An arctic chill sends the mercury level on a wall-mounted thermostat plummeting. The perishable contents inside the insulated storage unit freeze. This is a blast freezer, an environment that’s ruled by frigid power. In here, banks of fans force icy air across the food. Flash frozen in an instant, the cooling system does consume more energy than a conventional freezer, so what benefits offset this extra power expenditure?

Supports Cellular Preservation 

Imagine a plate full of raspberries. Cooled inside a regular freezer, the water stored inside this succulent fruit expands. It turns to ice. The cell membranes of each juicy raspberry end up as a mushy mess because of that cell rupturing effect. Blast freezers cool water-loaded foods so fast, there’s no way this cellular damage can take place.

Flavour and Texture Preservation 

This next benefit follows directly on from our initial conclusion. Basically, the flash frozen cells remain undamaged, so the food’s texture is retained. Meaty soft tissues cook as intended when this key feature is realized. Likewise, the nutrients stored in the meat, vegetables, and fruit are preserved. Finally, and perhaps best of all, the food tastes better. Those preserved nutrients are plainly translated into a finer eating experience.

Acts as a Powerful Bacterial Exterminator 

Regular freezers do slow the growth of these microorganisms, and they may even send the bacteria to sleep. A shock freezer, which is another name for this rapid freezing equipment, eliminates all but the most stubborn bacteria. The tiny organisms can’t stand the extreme cold, nor can they metabolize when they’re deprived of liquid water. Shock freezers enhance food-hygienic cooling environments.

Designed to Create Specialized Commodities 

Classed as a time-sensitive freezing process, shock cooling is also employed in many other food-based instances. Ice cream makers rely on the production of tiny ice crystals when the fan-powered cooling effect sends the temperature tumbling. TV dinners also take advantage of this fast production feature. The cellophane-packed meals slide past the chiller units on a production line, only to exit seconds later as a packaged item, ready for the supermarket cooler.

Instead of large, cell-rupturing ice crystals, blast freezers create small packets of finely chilled water. Those smaller ice particles assure taste and texture preservation. Furthermore, this rapid cooling process is designed to kill bacteria, so the equipment has an inbuilt food purifying feature. Finally, blast freezers are designed to operate on production lines. They flash preserve TV dinners, ice cream, seafood, and other perishable commodities so that they can be delivered to market in a timely manner.

Glass isn’t good at conducting heat. Take a look at a glass-lined thermos. It keeps its contents thermally stable for hours at a time. Glass windows do the same for the home, especially when they’re made from Low-E glass. How do coolrooms use this talent for minimizing energy losses? Well, transparent glass panels do materially maintain that cooling effect, but wouldn’t this insulation factor increase if the glass was thicker?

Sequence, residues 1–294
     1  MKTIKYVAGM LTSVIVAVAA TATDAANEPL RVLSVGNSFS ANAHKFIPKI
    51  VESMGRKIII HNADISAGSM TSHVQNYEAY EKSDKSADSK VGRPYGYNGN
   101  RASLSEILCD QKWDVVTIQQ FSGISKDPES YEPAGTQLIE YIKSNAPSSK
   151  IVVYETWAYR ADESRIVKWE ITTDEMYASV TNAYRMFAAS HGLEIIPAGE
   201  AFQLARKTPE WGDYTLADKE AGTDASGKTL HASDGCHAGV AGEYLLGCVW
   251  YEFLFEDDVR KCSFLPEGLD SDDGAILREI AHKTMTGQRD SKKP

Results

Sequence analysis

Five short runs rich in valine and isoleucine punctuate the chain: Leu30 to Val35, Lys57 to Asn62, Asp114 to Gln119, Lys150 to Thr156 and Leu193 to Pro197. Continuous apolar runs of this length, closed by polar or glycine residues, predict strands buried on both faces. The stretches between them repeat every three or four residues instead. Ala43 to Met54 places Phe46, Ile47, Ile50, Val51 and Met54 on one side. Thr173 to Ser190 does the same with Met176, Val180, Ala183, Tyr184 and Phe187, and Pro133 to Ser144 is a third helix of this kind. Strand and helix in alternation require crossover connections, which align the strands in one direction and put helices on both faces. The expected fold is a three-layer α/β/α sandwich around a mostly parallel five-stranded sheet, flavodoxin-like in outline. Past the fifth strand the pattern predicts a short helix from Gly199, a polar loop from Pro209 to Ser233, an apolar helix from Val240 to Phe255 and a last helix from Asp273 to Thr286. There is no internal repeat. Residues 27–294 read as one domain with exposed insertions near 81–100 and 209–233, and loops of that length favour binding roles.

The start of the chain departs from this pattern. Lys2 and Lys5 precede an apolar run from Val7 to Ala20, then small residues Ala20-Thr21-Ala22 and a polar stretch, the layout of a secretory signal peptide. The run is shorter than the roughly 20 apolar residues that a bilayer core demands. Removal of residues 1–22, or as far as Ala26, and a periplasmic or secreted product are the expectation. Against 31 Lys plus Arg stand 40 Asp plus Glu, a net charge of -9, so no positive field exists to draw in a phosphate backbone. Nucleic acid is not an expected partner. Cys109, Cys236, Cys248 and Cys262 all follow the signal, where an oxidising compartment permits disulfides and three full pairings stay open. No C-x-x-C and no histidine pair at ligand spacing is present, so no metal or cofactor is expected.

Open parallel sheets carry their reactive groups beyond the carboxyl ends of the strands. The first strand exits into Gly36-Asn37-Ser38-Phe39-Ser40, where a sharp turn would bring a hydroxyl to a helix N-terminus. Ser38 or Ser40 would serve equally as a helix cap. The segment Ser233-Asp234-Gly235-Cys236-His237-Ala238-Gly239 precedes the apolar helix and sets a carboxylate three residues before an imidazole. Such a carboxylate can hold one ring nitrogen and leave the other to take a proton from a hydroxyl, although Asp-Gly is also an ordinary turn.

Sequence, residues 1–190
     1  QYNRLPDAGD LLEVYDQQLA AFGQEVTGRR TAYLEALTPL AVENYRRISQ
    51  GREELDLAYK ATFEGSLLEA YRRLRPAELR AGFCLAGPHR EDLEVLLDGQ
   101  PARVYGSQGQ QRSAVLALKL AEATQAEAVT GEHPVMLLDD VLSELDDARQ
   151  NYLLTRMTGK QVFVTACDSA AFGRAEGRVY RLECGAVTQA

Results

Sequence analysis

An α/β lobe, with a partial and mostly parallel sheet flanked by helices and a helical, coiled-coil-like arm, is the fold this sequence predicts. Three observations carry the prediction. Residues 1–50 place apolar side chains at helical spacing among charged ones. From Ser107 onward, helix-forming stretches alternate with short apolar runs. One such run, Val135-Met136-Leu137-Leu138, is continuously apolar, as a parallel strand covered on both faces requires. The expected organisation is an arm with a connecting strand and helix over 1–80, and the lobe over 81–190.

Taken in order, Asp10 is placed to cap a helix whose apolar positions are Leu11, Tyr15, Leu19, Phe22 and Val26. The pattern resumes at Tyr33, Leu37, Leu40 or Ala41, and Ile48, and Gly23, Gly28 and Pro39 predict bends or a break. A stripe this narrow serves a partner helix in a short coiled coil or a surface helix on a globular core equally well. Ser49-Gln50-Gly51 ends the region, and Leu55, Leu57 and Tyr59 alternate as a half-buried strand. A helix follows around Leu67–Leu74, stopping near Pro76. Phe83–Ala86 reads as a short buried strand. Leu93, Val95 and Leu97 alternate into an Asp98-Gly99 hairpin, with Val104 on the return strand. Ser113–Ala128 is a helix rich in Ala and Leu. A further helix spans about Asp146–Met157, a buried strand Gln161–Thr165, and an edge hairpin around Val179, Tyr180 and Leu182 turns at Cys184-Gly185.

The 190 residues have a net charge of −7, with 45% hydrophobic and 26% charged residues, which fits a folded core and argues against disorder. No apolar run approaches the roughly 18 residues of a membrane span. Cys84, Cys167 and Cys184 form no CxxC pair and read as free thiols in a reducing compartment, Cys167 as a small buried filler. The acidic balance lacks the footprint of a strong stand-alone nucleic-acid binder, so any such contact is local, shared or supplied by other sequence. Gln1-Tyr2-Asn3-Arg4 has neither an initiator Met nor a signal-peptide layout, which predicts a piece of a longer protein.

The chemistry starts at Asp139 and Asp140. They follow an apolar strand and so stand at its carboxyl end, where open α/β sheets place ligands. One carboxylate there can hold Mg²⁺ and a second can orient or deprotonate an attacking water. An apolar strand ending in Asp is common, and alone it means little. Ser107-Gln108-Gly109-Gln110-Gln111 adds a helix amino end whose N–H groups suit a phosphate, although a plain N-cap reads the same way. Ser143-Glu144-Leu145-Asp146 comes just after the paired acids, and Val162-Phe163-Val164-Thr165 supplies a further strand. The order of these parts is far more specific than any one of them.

The Effects of Thicker Coolroom Glass 

The contents of a cooler are shown off by glass doors. Thin or thick, the glass remains transparent. If a busy shopper wanders the aisles of a frozen food department, only the contents of a frost-rimed shelf are on view, not the armoured glass. Thermal energy doesn’t work like the visible light spectrum. The heat just won’t penetrate denser glass. In effect, the material characteristics of the translucent panel pair with this augmented dimensional aspect to really stop all energy losses in their tracks.

What’s the Required Glass Thickness 

Measured in millimetres, see-through door panels can exceed 15-mm in thickness. That’s an impressively dense sheet of glass. Used in smaller plate sections, this type of reinforced glass is popularly employed in freezer doors as a small portal, a means of viewing the contents of a frozen enclosure. Out on the floor, standard coolroom enclosures employ panels that are between 5mm and 9mm thick. Remember, this is a door. It’s supported by hinges. If it’s too heavy, then the hinges will warp and the enclosure seal will fail. That’s why we install the more manageable but still energy efficient glass panels in conventional coolers.

Augmenting the Conventional Design 

So the concealed freezer is enjoying 15mm thick glass. It’s edged with a white frost, but the kitchen staff can clearly see the contents. The pure glass doors out in the frozen foods section can’t support the weight or expense associated with this thick material, but they can get around this issue. Instead of pure glass, the panels are double and triple glazed. They’re also fitted with a Low-E coating, a transparent film that rejects infrared heat. Finally, just to really bolster the insulation, the air between those glazed segments is replaced with argon or some other inert gas.

Coolroom and freezer glass doors employ some innovative insulating solutions. Denser glass is the first option, for glass does not easily conduct heat. That’s a strategy that works well on a reinforced freezer, but it can create more problems for a standard cool room because of the dense plating. When a lighter frame requires an insulated glass coolroom door, try opting for a triple glazed door with a Low-E film.

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